A prospective controlled trial evaluated an eleven-hour IPE programme focused on long-term conditions’ management. Pre-registration students from the disciplines of dietetics (n = 9), medicine (n = 36), physiotherapy (n = 12), and radiation therapy (n = 26) were allocated to either an intervention group (n = 41) who received the IPE program or a control group (n = 42) who continued with their usual discipline specific curriculum. Outcome measures were the Attitudes Toward Health Care Teams Scale (ATHCTS), Readiness for Interprofessional Learning Scale (RIPLS), the Team Skills Scale (TSS), and the Long-Term Condition Management Scale (LTCMS). Analysis of covariance compared mean post-intervention scale scores adjusted for baseline scores.
Mean post-intervention attitude scores (all on a five-point scale) were significantly higher in the intervention group than the control group for all scales. The mean difference for the ATHCTS was 0.17 (95 %CI 0.05 to 0.30; p = 0.006), for the RIPLS was 0.30 (95 %CI 0.16 to 0.43; p < 0.001), for the TSS was 0.71 (95 %CI 0.49 to 0.92; p < 0.001), and for the LTCMS was 0.75 (95 %CI 0.56 to 0.94; p < 0.001). The mean effect of the intervention was similar for students from the two larger disciplinary sub-groups of medicine and radiation therapy.
An eleven-hour IPE programme resulted in improved attitudes towards interprofessional teams and interprofessional learning, as well as self-reported ability to function within an interprofessional team, and self-reported confidence, knowledge, and ability to manage people with long-term conditions. These findings indicate that a brief intervention such as this can have immediate positive effects and contribute to the development of health professionals who are ready to collaborate with others to improve patient outcomes.
Electronic supplementary material
The online version of this article (doi:10.1186/s12909-015-0385-3) contains supplementary material, which is available to authorized users.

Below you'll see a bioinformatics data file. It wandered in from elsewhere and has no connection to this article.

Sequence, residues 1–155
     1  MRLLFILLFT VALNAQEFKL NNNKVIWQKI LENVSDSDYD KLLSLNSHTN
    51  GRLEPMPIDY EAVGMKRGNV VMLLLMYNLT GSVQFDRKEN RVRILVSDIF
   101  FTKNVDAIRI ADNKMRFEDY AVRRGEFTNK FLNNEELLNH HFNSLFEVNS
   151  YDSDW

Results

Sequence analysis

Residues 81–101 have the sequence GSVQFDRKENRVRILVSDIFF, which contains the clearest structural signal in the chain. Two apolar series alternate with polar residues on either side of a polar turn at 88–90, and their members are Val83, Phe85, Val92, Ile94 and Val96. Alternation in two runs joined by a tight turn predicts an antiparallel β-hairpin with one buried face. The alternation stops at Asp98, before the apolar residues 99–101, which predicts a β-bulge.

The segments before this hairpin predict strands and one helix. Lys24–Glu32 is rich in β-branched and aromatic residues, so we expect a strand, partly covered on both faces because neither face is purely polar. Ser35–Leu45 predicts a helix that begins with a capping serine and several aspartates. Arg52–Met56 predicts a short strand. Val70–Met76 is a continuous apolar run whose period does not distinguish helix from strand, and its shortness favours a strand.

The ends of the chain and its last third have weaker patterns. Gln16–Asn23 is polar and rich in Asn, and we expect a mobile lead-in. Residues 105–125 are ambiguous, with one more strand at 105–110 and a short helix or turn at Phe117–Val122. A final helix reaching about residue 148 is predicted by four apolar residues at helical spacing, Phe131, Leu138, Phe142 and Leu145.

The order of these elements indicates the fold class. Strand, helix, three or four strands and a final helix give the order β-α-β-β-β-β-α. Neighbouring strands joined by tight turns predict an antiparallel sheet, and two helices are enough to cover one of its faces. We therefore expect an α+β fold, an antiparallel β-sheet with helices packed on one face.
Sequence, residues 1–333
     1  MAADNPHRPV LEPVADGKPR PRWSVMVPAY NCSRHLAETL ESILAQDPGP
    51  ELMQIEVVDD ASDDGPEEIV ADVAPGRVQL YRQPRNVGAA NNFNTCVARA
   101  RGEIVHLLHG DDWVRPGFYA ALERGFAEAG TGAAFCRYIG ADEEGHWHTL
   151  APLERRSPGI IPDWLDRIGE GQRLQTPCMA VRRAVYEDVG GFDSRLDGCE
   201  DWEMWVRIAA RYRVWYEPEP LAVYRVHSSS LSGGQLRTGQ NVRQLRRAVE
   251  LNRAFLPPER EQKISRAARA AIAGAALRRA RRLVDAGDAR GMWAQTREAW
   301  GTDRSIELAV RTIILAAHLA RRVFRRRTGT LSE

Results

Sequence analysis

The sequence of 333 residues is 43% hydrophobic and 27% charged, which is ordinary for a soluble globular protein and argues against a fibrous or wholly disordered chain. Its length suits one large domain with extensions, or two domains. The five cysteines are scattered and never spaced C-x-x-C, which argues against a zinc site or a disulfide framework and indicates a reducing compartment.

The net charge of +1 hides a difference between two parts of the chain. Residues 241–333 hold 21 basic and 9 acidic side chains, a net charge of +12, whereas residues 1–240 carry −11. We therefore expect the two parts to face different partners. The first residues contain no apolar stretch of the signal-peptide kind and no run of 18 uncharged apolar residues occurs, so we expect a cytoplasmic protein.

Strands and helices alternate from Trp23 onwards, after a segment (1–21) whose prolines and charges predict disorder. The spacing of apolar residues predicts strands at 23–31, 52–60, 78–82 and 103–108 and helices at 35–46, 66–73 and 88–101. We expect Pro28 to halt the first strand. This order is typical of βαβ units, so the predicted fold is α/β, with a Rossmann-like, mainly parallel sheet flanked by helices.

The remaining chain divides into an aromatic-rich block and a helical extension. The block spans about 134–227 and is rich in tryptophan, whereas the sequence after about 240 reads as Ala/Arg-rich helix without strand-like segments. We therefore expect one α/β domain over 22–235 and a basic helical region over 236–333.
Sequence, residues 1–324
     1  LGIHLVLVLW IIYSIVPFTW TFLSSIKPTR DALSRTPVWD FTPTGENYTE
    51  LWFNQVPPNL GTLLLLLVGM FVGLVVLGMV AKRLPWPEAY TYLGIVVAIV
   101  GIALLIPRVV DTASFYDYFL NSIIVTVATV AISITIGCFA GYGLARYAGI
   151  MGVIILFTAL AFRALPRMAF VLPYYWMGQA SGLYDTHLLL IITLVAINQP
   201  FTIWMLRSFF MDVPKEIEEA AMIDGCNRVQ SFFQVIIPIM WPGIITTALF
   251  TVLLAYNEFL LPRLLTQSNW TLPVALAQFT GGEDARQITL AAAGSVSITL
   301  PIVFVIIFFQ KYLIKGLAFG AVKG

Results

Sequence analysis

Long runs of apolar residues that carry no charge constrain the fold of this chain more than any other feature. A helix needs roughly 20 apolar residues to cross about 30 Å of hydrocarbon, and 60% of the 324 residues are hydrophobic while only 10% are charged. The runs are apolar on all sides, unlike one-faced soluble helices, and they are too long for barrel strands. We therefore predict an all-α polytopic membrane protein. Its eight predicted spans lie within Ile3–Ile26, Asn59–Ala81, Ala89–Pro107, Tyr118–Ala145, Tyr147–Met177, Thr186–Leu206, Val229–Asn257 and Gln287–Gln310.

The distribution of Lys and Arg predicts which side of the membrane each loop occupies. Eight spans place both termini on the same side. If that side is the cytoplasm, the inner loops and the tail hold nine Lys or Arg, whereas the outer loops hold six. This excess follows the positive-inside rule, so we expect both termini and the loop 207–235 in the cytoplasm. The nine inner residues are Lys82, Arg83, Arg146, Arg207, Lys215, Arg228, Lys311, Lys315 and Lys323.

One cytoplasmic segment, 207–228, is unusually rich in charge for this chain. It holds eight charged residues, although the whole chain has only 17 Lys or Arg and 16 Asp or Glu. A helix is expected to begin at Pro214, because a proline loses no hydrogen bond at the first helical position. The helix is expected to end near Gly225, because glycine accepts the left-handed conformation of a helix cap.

PMCID: PMC4462076  PMID: 26041132
Controlled trial; Interprofessional education; Long-term conditions management; Pre-registration; Pre-licensure; Dietetics; Medicine; Physiotherapy; Radiation therapy; Primary health care
23.  Longitudinal mentorship to support the development of medical students’ future professional role: a qualitative study 
BMC Medical Education  2015;15:97.
Mentoring has been employed in medical education in recent years, but there is extensive variation in the published literature concerning the goals of mentoring and the role of the mentor. Therefore, there is still a need for a deeper understanding of the meaning of mentoring for medical students’ learning and development. The aim of this qualitative study is to explore how formal and longitudinal mentoring can contribute to medical students’ professional development.
Sixteen medical students at a Swedish university were interviewed individually about their experiences of combined group and one-to-one mentoring that is given throughout their studies. The mentoring programme was focused on the non-medical skills of the profession and used CanMEDS roles of a physician for students’ self-assessment. Data were analysed using a latent, interpretive approach to content analysis.
The results comprise three themes: Integrating oneself with one’s future role as a physician, Experiencing clinical reality with the mentor creates incentives to learn and Towards understanding the professional competence of a physician. The mentorship enabled the students to create a view of their future professional role and to integrate it with their own personalities. The students’ understanding of professional competence and behaviour evolved during the mentorship and they made advances towards understanding the wholeness of the profession. This approach to mentorship supported different components of the students’ professional development; the themes Integrating oneself with one’s future role and Towards understanding the professional competence of a physician can be regarded as two parallel processes, while the third theme, Experiencing clinical reality with the mentor creates incentives to learn, promotes these processes.
Formalized and longitudinal mentoring focusing on the non-medical skills can be recommended to help medical students to integrate their professional role with themselves as individuals and promote understanding of professional competence in the process of becoming a physician.